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Title: Production of Bioplastic from Corn Starch and Sugercane Bagassa
???metadata.dc.contributor.*???: Belay Woldeyes (Prof.)
Gadissa, Mosisa
Keywords: bioplastic;sugar cane;biodegradable plastics
Issue Date: Jun-2017
Abstract: There is an increasing need for biodegradable plastics because they are environmentally friendly and can replace petroleum-based non-degradable plastics which pollute the environment. Recently huge efforts are exerted in substitution of petroleum-based polymers by biodegradable eco-friendly composites because of the toxic effect of the synthetic polymers. Petroleum base polymers are not sustainable as they depend on depleting fossils. This work studies the effect of bagasse (sugarcane byproduct) fiber weight fraction on the starch-based composite. This study also investigated the potentials of starch and sugar cane cellulose fiber for bioplastic productions. The effect of oven drying and starch-cellulose fiber ratio was also studied. The the experimental design was employed using design expert 6.0.8 two factor three-level central composite designs (CCD) including five replicates at the center point of an optimization study requiring 13 experiments on the 3 responses were analyzed namely tensile strength, water absorption and elongation at break. Results have shown that the addition of cellulose fiber (5 wt%, 10 wt% and 15 wt%) to selected gram of corn starch(5g), the value obtained were for tensile strength (13.27MPa, 24.45MPa and 22.18MPa, respectively), water absorption (36.90, 23.6 and 24.01% respectively) and elongation at break (20.25, 5.268 and 9.58% respectively), these values are the averages of replication treatment. From the analysis of experimental results the maximum and minimum value of tensile strength (26.81 and 11.55MPa), water absorption (39.02% and 20.45%) and elongation at break (25.99% and 4.32%) was obtained respectively. Starch-derived bioplastic reinforced with cellulose fiber at the optimal point of the responses namely tensile strength, water absorption and elongation at break, which are biodegradable, have been prepared and characterized for FTIR, compound microscope, Transparency, solubility, and density. Results obtained under optimal condition were found that Transparency of reinforced bioplastic reduced by 5% with respect to the control. Also its solubility decreased from (14.78% to 10.17%) while density was increased from (1.059g/ml to1.069g/ml). Evidence of the existence of strong interactions between the starch matrix and the cellulose fibers was revealed from detailed Fourier Transform Infra-red (FTIR) and compound microscopic evaluation.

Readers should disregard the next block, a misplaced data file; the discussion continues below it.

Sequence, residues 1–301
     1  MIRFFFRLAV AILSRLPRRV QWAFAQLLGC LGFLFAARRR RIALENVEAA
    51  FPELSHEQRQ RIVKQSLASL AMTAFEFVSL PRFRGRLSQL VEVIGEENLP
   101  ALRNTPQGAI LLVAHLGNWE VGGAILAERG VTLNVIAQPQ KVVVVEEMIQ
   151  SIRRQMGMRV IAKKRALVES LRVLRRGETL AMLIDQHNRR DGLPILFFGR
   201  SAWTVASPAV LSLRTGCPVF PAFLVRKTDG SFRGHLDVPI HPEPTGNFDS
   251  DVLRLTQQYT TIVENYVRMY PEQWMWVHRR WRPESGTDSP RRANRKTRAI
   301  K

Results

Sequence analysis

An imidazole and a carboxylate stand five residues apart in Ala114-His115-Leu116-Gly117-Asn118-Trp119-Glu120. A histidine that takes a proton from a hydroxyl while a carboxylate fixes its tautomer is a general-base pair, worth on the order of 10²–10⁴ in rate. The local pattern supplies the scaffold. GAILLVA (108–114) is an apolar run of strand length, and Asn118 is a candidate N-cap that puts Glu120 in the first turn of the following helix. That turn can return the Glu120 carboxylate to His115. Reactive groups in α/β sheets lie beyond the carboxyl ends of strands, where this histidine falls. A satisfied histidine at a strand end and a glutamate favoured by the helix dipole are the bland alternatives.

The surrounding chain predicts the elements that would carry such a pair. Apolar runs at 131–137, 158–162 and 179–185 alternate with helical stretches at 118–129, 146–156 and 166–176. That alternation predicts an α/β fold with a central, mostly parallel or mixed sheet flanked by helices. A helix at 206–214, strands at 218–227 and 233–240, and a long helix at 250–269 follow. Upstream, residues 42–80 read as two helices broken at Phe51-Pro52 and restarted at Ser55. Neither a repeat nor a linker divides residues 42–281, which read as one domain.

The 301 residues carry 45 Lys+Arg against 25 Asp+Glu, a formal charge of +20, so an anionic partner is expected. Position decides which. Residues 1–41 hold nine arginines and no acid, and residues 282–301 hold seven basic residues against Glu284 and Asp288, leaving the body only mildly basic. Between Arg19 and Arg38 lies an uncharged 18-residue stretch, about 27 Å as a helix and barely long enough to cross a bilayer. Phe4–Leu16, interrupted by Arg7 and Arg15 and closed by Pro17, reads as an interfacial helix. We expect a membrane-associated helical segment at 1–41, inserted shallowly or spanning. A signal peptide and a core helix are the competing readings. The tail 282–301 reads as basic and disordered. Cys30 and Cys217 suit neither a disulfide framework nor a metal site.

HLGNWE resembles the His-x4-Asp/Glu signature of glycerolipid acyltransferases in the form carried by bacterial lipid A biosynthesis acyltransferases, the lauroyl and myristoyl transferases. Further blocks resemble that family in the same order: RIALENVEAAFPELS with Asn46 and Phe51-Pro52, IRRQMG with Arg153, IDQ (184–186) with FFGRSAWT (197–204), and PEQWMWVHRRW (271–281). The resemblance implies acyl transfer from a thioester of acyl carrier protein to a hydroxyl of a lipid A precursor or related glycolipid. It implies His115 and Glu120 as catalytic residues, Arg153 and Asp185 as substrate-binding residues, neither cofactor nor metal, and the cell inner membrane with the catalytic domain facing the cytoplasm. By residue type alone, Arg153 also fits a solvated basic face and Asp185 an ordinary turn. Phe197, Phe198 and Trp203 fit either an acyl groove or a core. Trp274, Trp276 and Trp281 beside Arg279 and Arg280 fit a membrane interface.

Appears in Collections:Thesis - Process Engineering

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